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So what makes this performance stand out? First, the singing of the young cast is uniformly excellent. Or perhaps not quite uniformly: as is the case with her new Susanna in Pappano's Figaro, Miah Persson is even better than excellent, combining a gorgeous, flexible, and stunningly controlled voice (even in the most challenging coloratura passages) with her by-now familiar depth of dramatic insight. Just listen to (and watch) the solid scorn on "Come scoglio"--or, even better, the subtle variations in mood in her wrenching account of "Per pietà"--and you'll understand why she's my favorite Mozart soprano these days.
But the rest of the cast is nearly as good. Anke Vondung holds her own as Dorabella (certainly, a less rich part), and their voices blend extremely well. Topi Lehtipuu and Luca Pisaroni capture the emotional wobbles of the two self-deluded lovers--their ardor, their ungrounded confidence, their fury--with unerring security and luxurious tone. More than most performances, too, this one reveals a key social dynamic: the deception works in part because they're so much sexier when their costumes allow them to abandon the constraining propriety imposed by the social conventions that normally govern their behavior. Ainhoa Garmendia is a pert, disdainful Despina who doesn't over-camp the impersonations; and running the show tactfully is Nicholas Rivenq. An unusually attractive Don Alfonso, he's younger and far more fit than most in this role (he looks as if he just came off the racquet-ball court), and he seems an intellectual without a trace of pedantry; you can really believe that he wants to educate these two naive friends. Iván Fischer conducts with more romantic flexibility than you often get with period-instrument orchestras--and balance (both among the singers and between stage and pit) is finely calibrated. Purely as an audio version, this would stand up to any I've heard.
Fortunately, Nicholas Hytner's production is equally impressive--hardly a false step from beginning to end. In general, this staging takes the opera--arguably, Mozart's most intellectually challenging--seriously. But the seriousness does not bring solemnity. Hytner may avoid extreme farce, but there's plenty of wit, energy, and color throughout. More important, he doesn't condescend to the characters: you can understand both why they're so foolish and why they're so torn, and the final shots (where the resolution is clearly only partial) create tremendous poignance. The sets and costumes--simple but far from austere--suggest the late 18th or early 19th century, without creating a very specific moment; and while the production doesn't ostentatiously update the action, it stresses those aspects of character and situation that still ring true today. One point highlighted here is the bond between the sisters--indeed, one could argue that it's really Dorabella who seduces Fiordiligi; and while there is nothing louche or tasteless in the presentation of their relationship, it's obvious that they have a strong erotic link. Not that there's any lack of heterosexual electricity--as a result, the final scene, where nearly every possible pairing seems highly charged, is as smoldering as any you'll see. Yet aside from one or two moments, the sex is handled with tact: the performance is hardly prudish, but it's never aggressive either.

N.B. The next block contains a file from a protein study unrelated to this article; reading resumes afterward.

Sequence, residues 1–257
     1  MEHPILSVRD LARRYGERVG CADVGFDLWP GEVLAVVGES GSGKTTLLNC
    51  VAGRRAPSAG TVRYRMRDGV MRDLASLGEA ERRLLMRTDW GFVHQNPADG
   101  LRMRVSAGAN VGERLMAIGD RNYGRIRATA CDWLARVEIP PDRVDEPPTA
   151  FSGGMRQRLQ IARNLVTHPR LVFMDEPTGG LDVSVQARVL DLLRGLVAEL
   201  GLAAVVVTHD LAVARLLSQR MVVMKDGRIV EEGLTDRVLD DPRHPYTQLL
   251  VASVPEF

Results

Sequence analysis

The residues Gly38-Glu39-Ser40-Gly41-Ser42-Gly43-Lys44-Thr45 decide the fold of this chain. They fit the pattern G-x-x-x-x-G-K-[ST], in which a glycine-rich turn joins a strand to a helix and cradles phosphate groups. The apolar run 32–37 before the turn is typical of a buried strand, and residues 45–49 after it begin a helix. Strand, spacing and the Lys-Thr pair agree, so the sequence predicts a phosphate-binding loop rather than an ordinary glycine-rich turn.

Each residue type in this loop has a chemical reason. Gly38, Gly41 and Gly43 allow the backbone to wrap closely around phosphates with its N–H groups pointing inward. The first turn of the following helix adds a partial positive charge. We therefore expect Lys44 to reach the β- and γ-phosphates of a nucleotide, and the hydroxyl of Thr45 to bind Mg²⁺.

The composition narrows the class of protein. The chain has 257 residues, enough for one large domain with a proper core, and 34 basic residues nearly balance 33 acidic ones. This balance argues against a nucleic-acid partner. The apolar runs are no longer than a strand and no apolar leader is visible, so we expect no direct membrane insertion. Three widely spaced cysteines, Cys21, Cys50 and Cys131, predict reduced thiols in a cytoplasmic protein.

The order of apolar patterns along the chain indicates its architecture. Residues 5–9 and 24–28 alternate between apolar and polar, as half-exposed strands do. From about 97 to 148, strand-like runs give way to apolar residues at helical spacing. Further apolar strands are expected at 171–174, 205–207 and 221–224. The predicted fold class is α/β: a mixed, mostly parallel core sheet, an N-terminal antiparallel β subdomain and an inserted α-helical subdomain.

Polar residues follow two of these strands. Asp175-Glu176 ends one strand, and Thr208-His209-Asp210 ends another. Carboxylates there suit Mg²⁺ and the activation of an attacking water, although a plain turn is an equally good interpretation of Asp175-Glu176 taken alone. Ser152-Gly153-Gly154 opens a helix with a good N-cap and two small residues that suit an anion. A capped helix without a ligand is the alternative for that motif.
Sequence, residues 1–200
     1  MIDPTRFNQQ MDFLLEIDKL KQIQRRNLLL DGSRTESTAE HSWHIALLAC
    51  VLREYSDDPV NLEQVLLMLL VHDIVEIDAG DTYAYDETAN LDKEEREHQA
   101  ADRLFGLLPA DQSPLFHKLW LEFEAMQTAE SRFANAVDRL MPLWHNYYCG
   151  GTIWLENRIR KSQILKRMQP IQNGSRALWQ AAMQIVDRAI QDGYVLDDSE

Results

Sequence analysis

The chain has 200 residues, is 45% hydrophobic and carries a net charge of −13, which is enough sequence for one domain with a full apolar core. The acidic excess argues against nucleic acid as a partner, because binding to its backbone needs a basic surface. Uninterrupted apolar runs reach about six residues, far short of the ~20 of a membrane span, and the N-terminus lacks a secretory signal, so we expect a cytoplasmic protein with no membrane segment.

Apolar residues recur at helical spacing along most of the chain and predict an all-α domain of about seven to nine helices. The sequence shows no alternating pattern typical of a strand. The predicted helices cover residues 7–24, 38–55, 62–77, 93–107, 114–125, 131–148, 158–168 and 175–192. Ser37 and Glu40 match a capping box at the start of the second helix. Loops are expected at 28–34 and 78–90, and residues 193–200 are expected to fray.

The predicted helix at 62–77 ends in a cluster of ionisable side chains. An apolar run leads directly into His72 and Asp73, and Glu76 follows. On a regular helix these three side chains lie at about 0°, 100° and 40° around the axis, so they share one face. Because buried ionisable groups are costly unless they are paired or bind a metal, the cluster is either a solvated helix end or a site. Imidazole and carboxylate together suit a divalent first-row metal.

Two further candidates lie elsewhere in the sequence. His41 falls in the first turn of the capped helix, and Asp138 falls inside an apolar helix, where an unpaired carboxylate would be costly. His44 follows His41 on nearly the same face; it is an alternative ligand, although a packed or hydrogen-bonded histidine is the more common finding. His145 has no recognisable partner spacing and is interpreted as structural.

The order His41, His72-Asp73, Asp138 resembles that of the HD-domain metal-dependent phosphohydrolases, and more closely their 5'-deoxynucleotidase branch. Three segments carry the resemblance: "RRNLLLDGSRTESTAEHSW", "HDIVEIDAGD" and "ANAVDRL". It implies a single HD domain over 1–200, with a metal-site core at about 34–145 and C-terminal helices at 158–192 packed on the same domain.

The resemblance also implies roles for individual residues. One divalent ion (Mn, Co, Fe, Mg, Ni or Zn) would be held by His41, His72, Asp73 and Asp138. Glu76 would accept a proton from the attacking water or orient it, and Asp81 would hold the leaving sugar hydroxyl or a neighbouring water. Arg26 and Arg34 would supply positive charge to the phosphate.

The Blu-ray video quality is stunning: you can see each leaf on the salads that our heroines are eating in act I. The 5.0 channel PCM is excellent as well. And while the extras are nothing special, both the conductor and the director offer intelligent insights into the opera. Two numbers are omitted, No. 7 (the duet "Al fato dan legge") and No. 24 (Ferrando's "Ah, io veggio"), but that's a minor issue. All in all, if this doesn't make it to my next Want List, we've got quite a year in store for us. -- Fanfare, Peter J. Rabinowitz, Jan-Feb 2010
If you enjoy opera and can't get to the Met, this is an enjoyable DVD.Published 3 months ago by Meema of Eight
The cast was excellent. I liked the lighting and the sound. Of course Mozart's music was the real star. Read morePublished 9 months ago by edanco
What a marvel this is! Mozart and Da Ponte's third and final opera together often gets overshadowed by their previous two, but this version on DVD is so good, it proves that this... Read morePublished 13 months ago by Reviewer Fantastique
This is a masterpiece!
The story is both hilarious and clever. The music by Mozart is among the greatest ever written and so perfectly matches the acting. Read more
I think this 2006 performance is slightly overrated by two reasons -
1. Lovely setting, beautiful staging;
2. Terrific direction and acting;
3. Read more
1st, this is a good Opera. Fun to watch. 2 things strike me as missing. The set is very modern and at times, only a blue screen background. Aweful. Read morePublished on January 5, 2012 by DC
Singers are young and not famous.
But well lessoned , expressions are super.
The story is well-known and like comic. Read more
In order to enjoy it, one has to forget about the story: it is stupid and male chauvanist. But the music is divine, the singers -every one of them- excellent and, less usual, also... Read morePublished on October 30, 2011 by Daniele E. Gould
The main attraction of this performance of Cosi fan tutte is not so much the vocal performance as the theatrical performance. Read morePublished on July 10, 2011 by IreneDAdler